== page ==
target extended-remote /dev/ttyACM0
In addition to the SWD interface and the GDB server, the Probe comes with a 4-wire serial port (RX/TX, GND and VCC) which could, for instance, be used to unbrick a TS-100 module, just as a random example. (What? Me? Bricking my TS-100? Nah — I’m sure I had a totally valid reason to upgrade to a Pinecil!) And until you have had to connect two separate cables to reach into the same board you don’t know how valuable that feature is (it was literally the feature that got me to order the Probe whether I technically needed it or not!)
Finally, some devkits, such as the SAMD 20 Xplained PRO (which I bought to test my first Zephyr attempts) come with an embedded debugger, so require no additional interface. This is definitely more common for devkits, rather than final products, since it’s literally building a second MCU and firmware into each board.
In the case of the Atmel EDBG, it appears the easiest path is to use openOCD as a middleware to the target, which means starting it with a command similar to
And then connecting to it from GDB with
target extended-remote :3333Code language: CSS (css)
In-between me starting to writing this post, and the post actually being scheduled for publishing, Raspberry Pi announced their own Debug Probe based around the RP2040. This provides a (much) smaller set of features of the Black Magic Probe, to my understanding, since it’s only able to speak SWD rather than JTAG. On the other hand, SWD is all you need for most hobbyists ARM boards, and the probe is only £12, and supports CMSIS-DAP (the same interface used by the EDBG above.)
If you’re not boycotting Raspberry Pi, it might be a good option to get started with embedded firmware development.
Yeah, Okay, But What’s Where?
This is all good, but why on Earth was I even needing this much debugging, rather than my pretty much usual approach of flashing a firmware and put some serial output on it? I mean, that works on 8051s too! Well, the answer is that I was trying to figure out what I was doing wrong, that my devkit kept running at a 1/48th of the speed it was meant to (answer: I should have changed the source of main clock from the board config I copied when bringing up the EV11L78A.)
But before identifying that problem, I wanted to exclude I misconfigured some register — except that after a while I got tired of remembering and calculating register addresses by hand, and expected that there had to be better way. The answer was “yes, there is a better way” but at the same time it’s not quite as trivial, at least where Zephyr is involved.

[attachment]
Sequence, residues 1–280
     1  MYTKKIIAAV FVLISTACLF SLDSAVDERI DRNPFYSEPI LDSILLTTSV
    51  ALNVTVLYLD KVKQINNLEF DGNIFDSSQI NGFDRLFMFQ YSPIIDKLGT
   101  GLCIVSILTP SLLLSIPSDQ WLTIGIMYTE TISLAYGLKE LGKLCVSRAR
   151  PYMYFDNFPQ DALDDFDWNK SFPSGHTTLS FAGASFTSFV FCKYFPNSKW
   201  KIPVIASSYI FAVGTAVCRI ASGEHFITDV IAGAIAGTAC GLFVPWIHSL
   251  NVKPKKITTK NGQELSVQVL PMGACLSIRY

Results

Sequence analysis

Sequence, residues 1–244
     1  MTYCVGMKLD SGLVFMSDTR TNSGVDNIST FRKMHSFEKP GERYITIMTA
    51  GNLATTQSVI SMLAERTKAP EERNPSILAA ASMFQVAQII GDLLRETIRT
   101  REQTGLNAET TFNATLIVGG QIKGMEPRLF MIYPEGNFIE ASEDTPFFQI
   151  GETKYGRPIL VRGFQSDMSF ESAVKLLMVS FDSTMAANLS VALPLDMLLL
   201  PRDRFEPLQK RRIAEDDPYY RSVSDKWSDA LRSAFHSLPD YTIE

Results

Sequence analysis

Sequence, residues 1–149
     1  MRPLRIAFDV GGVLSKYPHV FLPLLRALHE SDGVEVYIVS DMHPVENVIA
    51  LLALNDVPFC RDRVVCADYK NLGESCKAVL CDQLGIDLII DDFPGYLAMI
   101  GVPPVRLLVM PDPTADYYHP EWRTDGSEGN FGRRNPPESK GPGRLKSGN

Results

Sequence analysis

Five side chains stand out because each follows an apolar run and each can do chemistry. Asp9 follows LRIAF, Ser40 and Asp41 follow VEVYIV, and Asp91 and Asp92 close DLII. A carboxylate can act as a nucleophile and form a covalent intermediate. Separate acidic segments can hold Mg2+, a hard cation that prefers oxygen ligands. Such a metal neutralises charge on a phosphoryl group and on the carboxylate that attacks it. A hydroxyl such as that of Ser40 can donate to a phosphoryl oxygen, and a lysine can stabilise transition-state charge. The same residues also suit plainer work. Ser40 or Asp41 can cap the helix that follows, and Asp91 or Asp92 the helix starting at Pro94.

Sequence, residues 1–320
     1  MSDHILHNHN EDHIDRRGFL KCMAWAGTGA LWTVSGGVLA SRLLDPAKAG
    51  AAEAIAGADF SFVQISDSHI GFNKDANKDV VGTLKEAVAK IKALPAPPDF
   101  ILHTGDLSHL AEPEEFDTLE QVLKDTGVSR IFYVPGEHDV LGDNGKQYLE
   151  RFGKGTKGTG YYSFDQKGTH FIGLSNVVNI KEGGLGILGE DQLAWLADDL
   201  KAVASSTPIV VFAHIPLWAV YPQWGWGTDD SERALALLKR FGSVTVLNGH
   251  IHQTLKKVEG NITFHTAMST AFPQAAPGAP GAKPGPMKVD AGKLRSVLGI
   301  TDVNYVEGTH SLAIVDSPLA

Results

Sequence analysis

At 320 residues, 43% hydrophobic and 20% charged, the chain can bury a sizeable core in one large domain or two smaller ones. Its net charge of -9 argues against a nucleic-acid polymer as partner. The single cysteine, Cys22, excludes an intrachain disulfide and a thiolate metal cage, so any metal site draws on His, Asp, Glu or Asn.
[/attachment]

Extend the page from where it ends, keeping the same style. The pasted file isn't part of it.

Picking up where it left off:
When I asked on Mastodon, Scott had the answer: SVD files (part of the CMSIS – Common Microcontroller Software Interface Standard – specifications) include information about all of the registers available on a compatible MCU, with semantics for each bit or bitstruct. And there is a tool called PyCortexMDebug that can parse those descriptor files and provide you easier lookup of the peripheral’s registers.
But this is where I hit a speedbump, which relates to the selection of the GDB binary. Technically speaking, you can use any GDB binary that is compatible with the architecture you need to debug (namely in my case, almost exclusively ARM.) But practically speaking if you’re working with Zephyr like I’m doing, you will want to use the binaries that come as part of the Zephyr SDK. Indeed, Zephyr provides not one, but two GDB binary for each architecture: one with Python built-in, and one without. This makes sense, since they want to cover as many use cases as possible, and it’s not unlikely that some of the people needing the SDK wouldn’t have a compatible Python version at hand.
At the time I’m writing this, Zephyr SDK comes with GDB liked with Python 3.8 — which thankfully works on openSUSE Tumbleweed, which is the distro I’m doing most of my work on at the moment. To a point.
When I tried importing PyCortexMDebug from a
arm-zephyr-eabi-gdb-py session, it failed. The reason was that the tool required lxml which I hadn’t installed for Python 3.8 — it sounds like an easy fix but it wasn’t: while openSUSE still provides Python 3.8, they do not provide
pip for it, which means I couldn’t just install lxml. So my route was to replace the lxml usage with ElementTree (which is part of the Standard Library) so that the Zephyr SDK GDB would be able to import it — and it worked! Until openSUSE also removed setuptools and it failed import again, which I had to work around a bit.